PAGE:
37th DPS Meeting, 4-9 September 2005
Session 21 Mars II
Oral, Tuesday, September 6, 2005, 11:00am-12:30pm, Music Concert Hall

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[21.04] Possible remnants of a frozen mud lake in southern Elysium, Mars.

K.J. Kossacki (Institute of Geophysics, Warsaw University), W.J. Markiewicz (Max-Planck-Institute for Solar System Investigations), M.D. Smith (NASA Goddard Space Flight Center), D. Page (Dept. of Mineralogy, The Natural History Museum), J. Murray (Dept. of Earth Sciences, The Open University)

In this work we estimate the maximum persistence time of subsurface ice in water rich sediment layers remaining after drying of a Martian lake. We simulate sublimation of ice from layers of different granulations and thicknesses. Presented results assume insolation and atmospheric conditions characteristic for the present day southern Elysium, where data from Mars Express have identified surface features possibly indicating the very recent presence of a frozen body of water (Murray 2005). The age of these features is estimated to be several million years. On this time scale, we find that most of the water ice must have sublimated away, however remnant ice at a few percent level can not be excluded. This amount of water ice is sufficient for chemical cementation of the observed features and explains their relatively pristine appearance, without significant signs of erosion.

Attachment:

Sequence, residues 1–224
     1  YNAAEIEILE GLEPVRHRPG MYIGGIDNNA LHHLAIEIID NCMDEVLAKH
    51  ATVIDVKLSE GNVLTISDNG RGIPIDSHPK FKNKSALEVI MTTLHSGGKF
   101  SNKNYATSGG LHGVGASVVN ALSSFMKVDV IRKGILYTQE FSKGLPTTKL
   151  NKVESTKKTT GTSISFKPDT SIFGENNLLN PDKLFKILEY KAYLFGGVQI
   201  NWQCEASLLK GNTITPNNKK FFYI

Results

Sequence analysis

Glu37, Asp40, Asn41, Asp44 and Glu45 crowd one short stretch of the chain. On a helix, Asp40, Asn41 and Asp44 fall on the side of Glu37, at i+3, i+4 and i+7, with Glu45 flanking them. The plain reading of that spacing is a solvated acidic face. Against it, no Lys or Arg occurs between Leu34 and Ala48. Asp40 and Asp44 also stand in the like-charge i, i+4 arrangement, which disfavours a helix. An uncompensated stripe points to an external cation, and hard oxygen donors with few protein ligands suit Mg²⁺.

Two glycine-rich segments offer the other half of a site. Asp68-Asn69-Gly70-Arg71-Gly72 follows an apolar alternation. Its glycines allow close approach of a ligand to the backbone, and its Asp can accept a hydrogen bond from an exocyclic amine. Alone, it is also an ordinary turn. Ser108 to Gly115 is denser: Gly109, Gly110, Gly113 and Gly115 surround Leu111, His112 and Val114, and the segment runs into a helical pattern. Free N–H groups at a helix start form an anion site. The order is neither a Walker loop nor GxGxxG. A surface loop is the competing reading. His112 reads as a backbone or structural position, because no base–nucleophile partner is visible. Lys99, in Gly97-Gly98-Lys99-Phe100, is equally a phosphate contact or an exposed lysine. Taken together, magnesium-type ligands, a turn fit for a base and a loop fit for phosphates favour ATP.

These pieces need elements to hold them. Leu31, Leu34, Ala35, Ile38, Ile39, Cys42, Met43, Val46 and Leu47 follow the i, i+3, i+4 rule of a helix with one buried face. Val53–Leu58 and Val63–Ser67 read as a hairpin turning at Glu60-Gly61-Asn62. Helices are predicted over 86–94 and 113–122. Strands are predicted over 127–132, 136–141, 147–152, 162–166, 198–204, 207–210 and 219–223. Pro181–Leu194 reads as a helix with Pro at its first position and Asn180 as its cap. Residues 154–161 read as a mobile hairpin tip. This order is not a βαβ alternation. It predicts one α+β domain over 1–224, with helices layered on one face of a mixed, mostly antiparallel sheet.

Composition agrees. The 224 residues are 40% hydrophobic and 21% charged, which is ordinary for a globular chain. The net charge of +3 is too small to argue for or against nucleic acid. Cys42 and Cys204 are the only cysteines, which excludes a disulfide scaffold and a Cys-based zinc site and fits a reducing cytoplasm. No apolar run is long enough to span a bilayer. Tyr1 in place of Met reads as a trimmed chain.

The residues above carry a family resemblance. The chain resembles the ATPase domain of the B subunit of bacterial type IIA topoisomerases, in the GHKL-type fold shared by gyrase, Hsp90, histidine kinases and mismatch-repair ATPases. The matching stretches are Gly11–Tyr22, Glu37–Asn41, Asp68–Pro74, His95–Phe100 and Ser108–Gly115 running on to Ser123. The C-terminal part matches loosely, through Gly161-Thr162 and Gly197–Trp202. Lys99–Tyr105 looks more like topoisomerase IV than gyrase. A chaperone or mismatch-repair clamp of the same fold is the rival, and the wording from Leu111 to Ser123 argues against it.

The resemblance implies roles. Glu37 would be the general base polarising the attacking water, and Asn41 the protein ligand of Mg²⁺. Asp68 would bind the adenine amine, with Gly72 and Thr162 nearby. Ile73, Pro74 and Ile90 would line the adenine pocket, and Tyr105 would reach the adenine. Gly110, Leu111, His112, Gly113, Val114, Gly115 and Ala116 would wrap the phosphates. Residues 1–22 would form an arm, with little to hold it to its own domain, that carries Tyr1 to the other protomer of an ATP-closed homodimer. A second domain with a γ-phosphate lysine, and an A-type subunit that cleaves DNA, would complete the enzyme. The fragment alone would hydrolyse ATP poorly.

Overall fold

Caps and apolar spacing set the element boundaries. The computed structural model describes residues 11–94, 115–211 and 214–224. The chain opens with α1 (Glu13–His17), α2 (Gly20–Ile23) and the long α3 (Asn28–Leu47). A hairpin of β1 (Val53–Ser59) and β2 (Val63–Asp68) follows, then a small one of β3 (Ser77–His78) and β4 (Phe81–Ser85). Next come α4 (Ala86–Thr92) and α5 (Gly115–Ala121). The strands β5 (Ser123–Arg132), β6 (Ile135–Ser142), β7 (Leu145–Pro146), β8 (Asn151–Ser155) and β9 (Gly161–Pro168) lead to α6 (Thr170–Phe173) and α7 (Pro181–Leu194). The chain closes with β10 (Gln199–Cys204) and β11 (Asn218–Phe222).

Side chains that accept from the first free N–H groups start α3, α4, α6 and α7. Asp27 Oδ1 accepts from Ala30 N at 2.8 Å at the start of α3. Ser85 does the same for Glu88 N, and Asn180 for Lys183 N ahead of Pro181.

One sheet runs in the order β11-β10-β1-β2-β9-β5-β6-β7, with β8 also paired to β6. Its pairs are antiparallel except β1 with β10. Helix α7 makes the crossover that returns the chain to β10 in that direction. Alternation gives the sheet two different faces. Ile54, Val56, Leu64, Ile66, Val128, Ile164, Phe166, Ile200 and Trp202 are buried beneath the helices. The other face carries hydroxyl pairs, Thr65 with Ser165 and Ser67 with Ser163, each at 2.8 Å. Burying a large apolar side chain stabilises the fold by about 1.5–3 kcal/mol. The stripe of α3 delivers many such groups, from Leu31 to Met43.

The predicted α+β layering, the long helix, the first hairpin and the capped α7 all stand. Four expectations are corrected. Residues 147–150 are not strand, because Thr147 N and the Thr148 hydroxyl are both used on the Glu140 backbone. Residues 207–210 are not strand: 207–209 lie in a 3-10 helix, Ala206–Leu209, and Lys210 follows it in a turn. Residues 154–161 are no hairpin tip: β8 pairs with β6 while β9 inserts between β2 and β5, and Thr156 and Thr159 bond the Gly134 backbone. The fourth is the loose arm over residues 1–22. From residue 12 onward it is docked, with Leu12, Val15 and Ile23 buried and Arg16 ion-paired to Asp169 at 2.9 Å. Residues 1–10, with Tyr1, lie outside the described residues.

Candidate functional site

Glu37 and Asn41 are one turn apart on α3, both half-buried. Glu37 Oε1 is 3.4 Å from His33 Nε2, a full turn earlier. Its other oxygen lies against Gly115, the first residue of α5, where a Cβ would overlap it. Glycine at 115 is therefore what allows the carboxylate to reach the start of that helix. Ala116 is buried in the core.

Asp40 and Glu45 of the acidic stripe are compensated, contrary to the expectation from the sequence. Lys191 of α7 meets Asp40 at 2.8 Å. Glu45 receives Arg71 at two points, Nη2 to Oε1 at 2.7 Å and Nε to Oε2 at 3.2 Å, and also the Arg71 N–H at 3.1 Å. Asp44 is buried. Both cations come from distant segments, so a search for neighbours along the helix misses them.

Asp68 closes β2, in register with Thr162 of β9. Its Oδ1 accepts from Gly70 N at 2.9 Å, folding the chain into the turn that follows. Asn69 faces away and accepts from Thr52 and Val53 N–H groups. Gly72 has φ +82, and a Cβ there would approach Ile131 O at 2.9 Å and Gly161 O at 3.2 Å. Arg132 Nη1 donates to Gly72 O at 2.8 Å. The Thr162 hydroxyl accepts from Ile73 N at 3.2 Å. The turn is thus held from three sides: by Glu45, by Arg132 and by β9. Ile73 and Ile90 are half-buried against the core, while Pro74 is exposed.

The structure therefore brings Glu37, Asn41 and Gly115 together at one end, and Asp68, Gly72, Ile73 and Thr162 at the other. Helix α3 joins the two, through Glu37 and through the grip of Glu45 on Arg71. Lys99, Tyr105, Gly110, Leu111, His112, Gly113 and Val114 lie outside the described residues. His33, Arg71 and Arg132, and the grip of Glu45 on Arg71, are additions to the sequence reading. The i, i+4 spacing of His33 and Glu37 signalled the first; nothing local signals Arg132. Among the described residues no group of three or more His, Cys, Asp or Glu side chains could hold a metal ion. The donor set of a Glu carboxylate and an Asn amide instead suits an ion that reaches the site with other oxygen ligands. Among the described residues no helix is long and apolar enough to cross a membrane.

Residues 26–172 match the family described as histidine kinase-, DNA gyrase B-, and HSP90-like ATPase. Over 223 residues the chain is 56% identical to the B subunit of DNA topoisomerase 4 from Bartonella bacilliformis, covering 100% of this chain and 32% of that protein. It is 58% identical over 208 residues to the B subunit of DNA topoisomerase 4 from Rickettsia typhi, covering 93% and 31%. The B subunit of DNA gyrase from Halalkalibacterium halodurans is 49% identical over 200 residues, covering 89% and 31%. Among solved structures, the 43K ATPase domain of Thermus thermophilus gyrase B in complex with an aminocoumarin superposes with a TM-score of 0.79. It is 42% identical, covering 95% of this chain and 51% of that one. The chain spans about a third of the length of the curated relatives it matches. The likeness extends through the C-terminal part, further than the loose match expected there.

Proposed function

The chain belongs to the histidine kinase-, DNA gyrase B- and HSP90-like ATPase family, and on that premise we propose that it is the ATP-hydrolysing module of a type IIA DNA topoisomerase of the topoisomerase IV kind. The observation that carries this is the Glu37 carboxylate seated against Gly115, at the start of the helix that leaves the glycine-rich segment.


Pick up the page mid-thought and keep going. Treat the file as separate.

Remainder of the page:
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Bulletin of the American Astronomical Society, 37 #3
© 2004. The American Astronomical Soceity.